A new EI@Haas Working Paper by Koichiro Ito offers a fresh look at California’s well-known 20/20 program. The paper is available here. During the summer of 2005, California households could receive a 20% discount on their electricity bills if they reduced their summer electricity consumption by 20%. Similar state-wide programs were available in 2001 and 2002, and PG&E continues to operate a 20/20 type program in the winter for its natural gas customers (click here for details).
Programs like this have a nice intuitive appeal. They are easy to understand and a 20% discount is large enough to get peoples’ attention. As Ito’s paper points out, however, programs like this also have an enormous problem of measuring “additionality.” Year-to-year variation in weather and idiosyncratic changes in consumption mean that many households receive the subsidy for savings that would have occurred anyway. The paper shows, for example, that 14% of California households reduced their summer consumption in 2004 by more than 20%, even though the 20/20 program was not in place that year.
To crack this challenging problem, the paper uses an ingenious strategy based on the program’s eligibility rules. As illustrated in the figure below, customers were eligible for the program only if they started electricity service on or before June 5th 2004, during the summer before the program. Households who started service just after the cutoff were ineligible for the program in summer 2005 and did not receive a notice letter or other promotional materials about the program.
Source: Ito, September 2013, EI@Haas Working Paper 244
The blue and green lines above illustrate two hypothetical households. The blue line indicates a household that started electricity service on, for example, June 4th. This household was eligible for the 20/20 program in Summer 2005. The green line indicates a household that started electricity service on, for example, June 6th. This household was ineligible for the program in Summer 2005.
This eligibility rule creates a quasi-experiment. In particular, the ineligible households who just barely missed the cutoff date make a highly-credible control group for the households who were just barely eligible. It is almost as if this eligibility rule creates a true randomized control trial, with a random subset of households being declared eligible for the program. The paper confirms this quasi-randomness by comparing the characteristics of customers on either side of the cutoff date and shows that they are extremely similar.
The figures below summarize the paper’s main results. Along the x-axis is the date at which each household started electricity service, normalized to zero at the cutoff. Households to the right of the red line were eligible for the 20/20 program, while households to the left were not. The y-axis is average electricity savings between 2004 and 2005, measured in percent. Averages are reported for 15-day bins. So, for example, the first green dot to the right of the red line is average electricity savings for households who started electricity service between 1 and 15 days after the eligibility cutoff.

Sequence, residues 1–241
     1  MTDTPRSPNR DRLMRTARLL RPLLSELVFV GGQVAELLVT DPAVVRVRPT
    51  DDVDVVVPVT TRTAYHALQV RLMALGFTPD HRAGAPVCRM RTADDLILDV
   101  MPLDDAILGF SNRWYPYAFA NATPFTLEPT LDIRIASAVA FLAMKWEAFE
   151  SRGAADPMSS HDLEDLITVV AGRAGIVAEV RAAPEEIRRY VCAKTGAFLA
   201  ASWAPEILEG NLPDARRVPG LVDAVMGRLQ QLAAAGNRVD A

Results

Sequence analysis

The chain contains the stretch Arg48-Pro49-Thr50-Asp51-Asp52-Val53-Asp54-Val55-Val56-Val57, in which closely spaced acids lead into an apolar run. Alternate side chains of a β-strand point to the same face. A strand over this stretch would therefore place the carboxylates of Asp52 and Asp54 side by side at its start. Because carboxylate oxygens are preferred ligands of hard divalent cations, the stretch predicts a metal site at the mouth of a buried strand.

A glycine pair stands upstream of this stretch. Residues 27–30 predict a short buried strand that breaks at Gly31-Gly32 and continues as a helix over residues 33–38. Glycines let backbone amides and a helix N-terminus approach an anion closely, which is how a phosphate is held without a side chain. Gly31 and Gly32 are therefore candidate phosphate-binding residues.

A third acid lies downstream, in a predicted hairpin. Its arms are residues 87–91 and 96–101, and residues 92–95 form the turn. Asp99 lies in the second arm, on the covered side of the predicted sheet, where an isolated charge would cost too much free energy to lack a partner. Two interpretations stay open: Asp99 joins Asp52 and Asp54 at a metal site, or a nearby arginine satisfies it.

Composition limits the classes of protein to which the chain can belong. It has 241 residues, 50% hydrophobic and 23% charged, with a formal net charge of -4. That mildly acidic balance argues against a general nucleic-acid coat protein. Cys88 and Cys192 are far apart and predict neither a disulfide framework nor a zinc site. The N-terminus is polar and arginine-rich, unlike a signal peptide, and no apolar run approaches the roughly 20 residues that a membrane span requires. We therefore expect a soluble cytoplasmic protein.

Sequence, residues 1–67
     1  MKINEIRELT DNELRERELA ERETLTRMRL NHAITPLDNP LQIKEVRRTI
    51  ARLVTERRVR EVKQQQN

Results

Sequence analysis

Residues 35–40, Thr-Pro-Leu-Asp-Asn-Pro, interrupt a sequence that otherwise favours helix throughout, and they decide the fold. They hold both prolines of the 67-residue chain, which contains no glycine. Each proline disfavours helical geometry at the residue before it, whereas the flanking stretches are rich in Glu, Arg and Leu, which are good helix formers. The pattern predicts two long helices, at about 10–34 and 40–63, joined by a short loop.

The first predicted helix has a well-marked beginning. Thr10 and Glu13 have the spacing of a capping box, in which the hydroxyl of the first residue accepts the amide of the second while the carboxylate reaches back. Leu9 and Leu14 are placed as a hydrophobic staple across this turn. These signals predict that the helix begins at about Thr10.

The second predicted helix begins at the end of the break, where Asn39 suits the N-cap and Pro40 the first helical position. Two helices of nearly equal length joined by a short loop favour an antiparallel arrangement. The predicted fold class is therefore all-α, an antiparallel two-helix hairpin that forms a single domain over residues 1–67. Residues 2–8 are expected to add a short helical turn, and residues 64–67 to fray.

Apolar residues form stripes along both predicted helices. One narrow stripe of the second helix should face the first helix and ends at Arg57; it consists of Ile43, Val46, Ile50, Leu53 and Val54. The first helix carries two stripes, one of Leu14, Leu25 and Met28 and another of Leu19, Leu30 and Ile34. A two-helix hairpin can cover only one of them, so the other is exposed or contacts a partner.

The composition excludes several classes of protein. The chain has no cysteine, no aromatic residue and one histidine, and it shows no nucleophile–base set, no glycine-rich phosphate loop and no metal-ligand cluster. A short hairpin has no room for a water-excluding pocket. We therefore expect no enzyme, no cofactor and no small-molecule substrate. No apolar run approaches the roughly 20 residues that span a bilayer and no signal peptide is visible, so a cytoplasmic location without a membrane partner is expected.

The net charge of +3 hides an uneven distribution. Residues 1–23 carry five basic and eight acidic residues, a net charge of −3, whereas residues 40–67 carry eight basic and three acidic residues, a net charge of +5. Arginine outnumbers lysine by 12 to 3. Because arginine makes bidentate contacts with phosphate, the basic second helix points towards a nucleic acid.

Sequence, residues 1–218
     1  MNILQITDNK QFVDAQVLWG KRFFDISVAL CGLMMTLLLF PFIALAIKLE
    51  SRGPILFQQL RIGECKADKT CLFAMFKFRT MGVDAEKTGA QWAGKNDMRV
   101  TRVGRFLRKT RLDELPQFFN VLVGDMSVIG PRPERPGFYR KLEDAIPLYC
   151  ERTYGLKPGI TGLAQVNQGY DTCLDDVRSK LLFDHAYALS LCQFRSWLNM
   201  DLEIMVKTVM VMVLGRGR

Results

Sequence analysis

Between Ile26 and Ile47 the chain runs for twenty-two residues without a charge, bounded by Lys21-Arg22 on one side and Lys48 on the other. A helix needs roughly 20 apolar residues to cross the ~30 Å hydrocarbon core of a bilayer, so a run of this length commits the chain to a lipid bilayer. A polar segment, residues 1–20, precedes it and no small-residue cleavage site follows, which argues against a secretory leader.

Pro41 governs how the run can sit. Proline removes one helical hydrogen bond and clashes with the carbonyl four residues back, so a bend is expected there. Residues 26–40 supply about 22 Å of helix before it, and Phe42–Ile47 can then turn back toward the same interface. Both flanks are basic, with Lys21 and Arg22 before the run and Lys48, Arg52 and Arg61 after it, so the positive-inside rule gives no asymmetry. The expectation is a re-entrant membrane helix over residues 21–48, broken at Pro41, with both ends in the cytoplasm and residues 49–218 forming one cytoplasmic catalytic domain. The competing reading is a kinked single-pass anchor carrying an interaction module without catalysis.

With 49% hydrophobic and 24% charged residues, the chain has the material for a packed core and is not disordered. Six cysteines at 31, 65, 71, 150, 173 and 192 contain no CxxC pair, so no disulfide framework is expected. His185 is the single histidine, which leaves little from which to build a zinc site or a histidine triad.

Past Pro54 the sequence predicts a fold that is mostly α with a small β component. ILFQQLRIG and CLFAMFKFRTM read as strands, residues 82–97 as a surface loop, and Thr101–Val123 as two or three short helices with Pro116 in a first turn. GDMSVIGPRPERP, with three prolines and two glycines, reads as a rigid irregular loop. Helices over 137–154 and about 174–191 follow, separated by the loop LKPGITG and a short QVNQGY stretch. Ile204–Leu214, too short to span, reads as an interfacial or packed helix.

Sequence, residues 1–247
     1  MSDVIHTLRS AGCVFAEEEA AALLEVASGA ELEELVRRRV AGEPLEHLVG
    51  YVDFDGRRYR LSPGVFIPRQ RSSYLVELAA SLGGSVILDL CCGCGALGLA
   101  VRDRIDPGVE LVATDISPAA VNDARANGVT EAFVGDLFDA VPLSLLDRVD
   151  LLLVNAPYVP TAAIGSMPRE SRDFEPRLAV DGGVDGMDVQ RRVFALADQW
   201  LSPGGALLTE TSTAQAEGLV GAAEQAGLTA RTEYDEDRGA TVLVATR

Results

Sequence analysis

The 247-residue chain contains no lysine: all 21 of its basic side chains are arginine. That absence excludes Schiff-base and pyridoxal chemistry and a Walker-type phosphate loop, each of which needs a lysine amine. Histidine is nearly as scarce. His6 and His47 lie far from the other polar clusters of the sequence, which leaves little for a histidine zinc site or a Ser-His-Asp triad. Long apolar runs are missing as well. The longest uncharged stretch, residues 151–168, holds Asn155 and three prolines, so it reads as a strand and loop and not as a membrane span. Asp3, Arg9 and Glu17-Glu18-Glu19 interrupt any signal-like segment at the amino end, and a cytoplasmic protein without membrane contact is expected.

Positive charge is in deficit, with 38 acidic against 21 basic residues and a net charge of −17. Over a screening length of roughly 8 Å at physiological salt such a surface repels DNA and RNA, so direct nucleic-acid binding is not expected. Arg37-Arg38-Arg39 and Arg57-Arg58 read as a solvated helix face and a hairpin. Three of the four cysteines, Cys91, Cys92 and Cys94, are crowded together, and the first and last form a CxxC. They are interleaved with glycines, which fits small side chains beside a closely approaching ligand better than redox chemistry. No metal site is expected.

Source: Ito, September 2013, EI@Haas Working Paper 244
In coastal climate zones the program had a near zero impact. There is essentially no difference in savings between households who were eligible and ineligible. However in inland climate zones, the program had a visible positive impact. The change at the threshold is about .05, indicating that eligible households reduced their electricity consumption by about 5% more than ineligible households.
These results make sense. Coastal Californians use much less air-conditioning, so it is hard for them to reduce summer consumption by 20%. In contrast, households that rely on air-conditioning all summer have more scope for conservation. These households can change their temperature settings, operate their units fewer hours per day, or even leave the house on hot days. There are many substitutes for air conditioning use, but few substitutes for running your refrigerator or charging your cell phone.
The paper concludes by using these estimates to evaluate the cost-effectiveness of the program. Overall, the program costs are high relative to the consumption reductions, reflecting the small estimated effect in coastal climate zones. In inland areas, however, Ito finds that the program costs 2.5 cents per kilowatt hour of savings. This compares favorably with cost-effectiveness measures for other types of conservation programs (see, e.g., Arimura, Li, Newell, and Palmer, 2012), particularly considering that the program can be targeted to particular months when the external benefits from consumption reductions are high.
For more see “Asymmetric Incentives in Subsidies: Evidence from a Large-Scale Electricity Rebate Program” (by Koichiro Ito), American Economic Journal: Economic Policy, 7(3): 209-37, 2015.
Lucas Davis is the Jeffrey A. Jacobs Distinguished Professor in Business and Technology at the Haas School of Business at the University of California, Berkeley. He is Faculty Director of the Energy Institute at Haas, a coeditor at the American Economic Journal: Economic Policy, and a Faculty Research Fellow at the National Bureau of Economic Research. He received a BA from Amherst College and a PhD in Economics from the University of Wisconsin. Prior to joining Haas in 2009, he was an assistant professor of Economics at the University of Michigan. His research focuses on energy and environmental markets, and in particular, on electricity and natural gas regulation, pricing in competitive and non-competitive markets, and the economic and business impacts of environmental policy.